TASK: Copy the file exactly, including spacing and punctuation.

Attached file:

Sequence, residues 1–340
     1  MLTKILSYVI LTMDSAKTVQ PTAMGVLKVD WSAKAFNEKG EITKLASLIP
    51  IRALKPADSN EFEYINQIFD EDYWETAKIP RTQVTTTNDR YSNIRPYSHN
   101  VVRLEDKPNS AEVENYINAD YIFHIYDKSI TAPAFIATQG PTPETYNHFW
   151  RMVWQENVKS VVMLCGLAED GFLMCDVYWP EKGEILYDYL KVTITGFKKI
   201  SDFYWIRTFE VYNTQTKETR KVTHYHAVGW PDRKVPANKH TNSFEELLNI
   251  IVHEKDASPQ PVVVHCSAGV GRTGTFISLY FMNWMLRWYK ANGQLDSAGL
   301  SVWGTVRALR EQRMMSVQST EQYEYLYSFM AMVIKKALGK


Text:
Sequence, residues 1–340
     1  MLTKILSYVI LTMDSAKTVQ PTAMGVLKVD WSAKAFNEKG EITKLASLIP
    51  IRALKPADSN EFEYINQIFD EDYWETAKIP RTQVTTTNDR YSNIRPYSHN
   101  VVRLEDKPNS AEVENYINAD YIFHIYDKSI TAPAFIATQG PTPETYNHFW
   151  RMVWQENVKS VVMLCGLAED GFLMCDVYWP EKGEILYDYL KVTITGFKKI
   201  SDFYWIRTFE VYNTQTKETR KVTHYHAVGW PDRKVPANKH TNSFEELLNI
   251  IVHEKDASPQ PVVVHCSAGV GRTGTFISLY FMNWMLRWYK ANGQLDSAGL
   301  SVWGTVRALR EQRMMSVQST EQYEYLYSFM AMVIKKALGK